‘Foreign-born citizen struggles to renew license’

Another story like Irene Christenson’s Mary Carpenter has lived in the United States since 1954.  She became a naturalized U.S. citizen in 1960.  Now she’s trying to renew her driver’s license.  But despite providing her certificate of naturalization, she’s hit a snag.

[The Department of Driver Services]  told Channel 2 Action News they couldn’t comment on Carpenter’s situation. But a spokesperson says it could be the result of the SAVE program, or Systematic Alien Verification for Entitlements, implemented in January 2008.

SAVE uses a series of databases to verify citizenship. It may have hit a snag with looking at carpenter’s papers.

This is just the latest issue to arise during trips to driver services locations across metro Atlanta.

Since the 2005 Real ID Act, Georgia has slowly added new rules to align with federal requirements.

In July, the state began requiring additional documentation for license renewals turning visits here into all-day affairs. On Tuesday, the quoted wait time at the DDS location in Norcross was 6½ hours.

States have been given an extension to comply with Real ID. The deadline is now January 2013. After which maybe all of us will be spending the day with the DDS.

In need of a history lesson

So Edward Rothstein writes a “review” of the Heart Mountain Interpretive Learning Center in Powell, Wyoming.  Heart Mountain was one of ten or so U.S. concentration camps located in desolate areas.  During World War II, the camps housed approximately 110,000 people of Japanese descent, two-thirds of whom were U.S. citizens. They hadn’t been accused of crimes. Intelligence didn’t suggest they were a threat to national security. They were rounded up and held without trial because of their race. Even small children and orphans.

Rothstein devotes about a quarter of his article to a review of the center.  The rest?  Rationale for the internment.

First, we’ve got the “they did it too” argument: Continue reading

Forty-three years

Dear San Franciscans & Friend Customers:

Time has come for us to say, “Au Revoir” after faithfully created the world renown Chinatown by serving with quality merchandise for 43 years.

To you, San Franciscans and friend customers, the members of the firm of T.Z. SHIOTA, wish to acknowledge each and every one of you for your past patronage and co-operation.

At this hour of evacuation when the innocents suffer with the bad, we bid you, dear friends of ours, with the words of beloved Shakespeare, “PARTING IS SUCH SWEET SORROW”.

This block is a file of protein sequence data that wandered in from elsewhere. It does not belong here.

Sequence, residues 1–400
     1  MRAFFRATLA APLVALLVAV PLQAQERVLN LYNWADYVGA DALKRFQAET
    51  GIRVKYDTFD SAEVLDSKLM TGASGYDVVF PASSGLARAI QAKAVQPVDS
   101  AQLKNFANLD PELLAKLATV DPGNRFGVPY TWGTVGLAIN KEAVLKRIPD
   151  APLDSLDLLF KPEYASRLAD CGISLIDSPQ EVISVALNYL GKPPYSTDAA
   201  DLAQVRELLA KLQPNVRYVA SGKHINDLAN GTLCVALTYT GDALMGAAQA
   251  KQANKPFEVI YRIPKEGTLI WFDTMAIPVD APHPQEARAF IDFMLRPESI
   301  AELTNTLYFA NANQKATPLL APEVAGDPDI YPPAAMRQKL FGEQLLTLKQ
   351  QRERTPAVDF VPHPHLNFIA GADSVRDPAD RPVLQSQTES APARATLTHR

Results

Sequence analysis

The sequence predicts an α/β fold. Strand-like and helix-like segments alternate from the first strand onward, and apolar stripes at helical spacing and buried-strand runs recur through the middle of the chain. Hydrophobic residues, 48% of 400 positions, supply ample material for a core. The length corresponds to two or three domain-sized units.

Till We Meet Again,

T.Z. SHIOTA

Reporting for processing

Japanese heads of family and persons living alone form a line outside Civil Control Station located in the Japanese American Citizens League Auditorium in San Francisco, California, to appear for “processing” in response to Civilian Exclusion Order Number 20, on April 25, 1942 (NARA)

To all persons

On a brick wall beside an air raid shelter poster, exclusion orders were posted at First and Front Streets in San Francisco, California, directing the removal of persons of Japanese ancestry from the first part of San Francisco to be affected by the evacuation concentration camps.  The order was issued April 1, 1942, by Lieutenant General J.L. DeWitt, and directed evacuation forced removal from this section by noon on April 7, 1942. (NARA)

Alien and “non-alien” alike.  Babies and the elderly.

Removed

Two plainclothes men, left, watch as Japanese aliens are removed from their homes on Terminal Island, a vital Naval and Shipbuilding center in Los Angeles, California, on February 3, 1942. Some 400 male Japanese aliens — Terminal Island residents — were rounded up early on February 2 by 180 federal, city and county officers. (AP Photo/Ira W. Guldner)

Embracing diversity

As long as white people are still privileged.  Because that’s what “diversity” means.

The Flushing food and sign wars rage on.  It’s about accommodating all ethnic groups.  The diverse community that should be represented.  Accommodating everyone.

Assuming, of course, that “everyone” means “white English speakers.”

Chinese people have resided in Flushing for more than thirty years. In Census Tract 865, where New York Mart replaced Key Food, 70 percent of the population is of Asian descent (2005-2009 Community Survey, interactive map here).  Seven percent are Latinos, African Americans are one percent, white people are twenty-one percent and the final one percent is “other.”  According to the 2000 Census, 75.9 percent speak a language other than English, 72 percent don’t speak English very well and 73.2 percent were born outside of the United States (source).

Chinese, Korean and Indian people appear to be three major groups of Asian descent in Queens.  (Could not find more exact data.)  So exactly who feels “unwelcome” by Asian food stores and businesses and non-English signs?

Continue reading

Dude, you got it backwards

So Australian news anchor John Mangos said something stupid and racist:

…  Mangos reported on a Chinese lottery winner who wore a mask to remain anonymous while collecting his prize.

After the story, he said: “I don’t know why he bothered. I mean, I can tell you now — he’s Chinese.

“He’s got straight black hair and he’s got squinty eyes and yellow skin.”

And then he “apologized”: Continue reading

Go. Read.

Tam Phan came to the United States from Vietnam when he was six years old. He later became involved with a gang and spent 17 years in prison. He turned his life around and is now pursuing a master’s degree in urban policy and administration at Brooklyn College and is working at the Fortune Society, a nonprofit organization that helps ex-convicts reenter society. But Tam Phan has been given a final deportation order, and his only recourse is a pardon from New York Gov. David Paterson.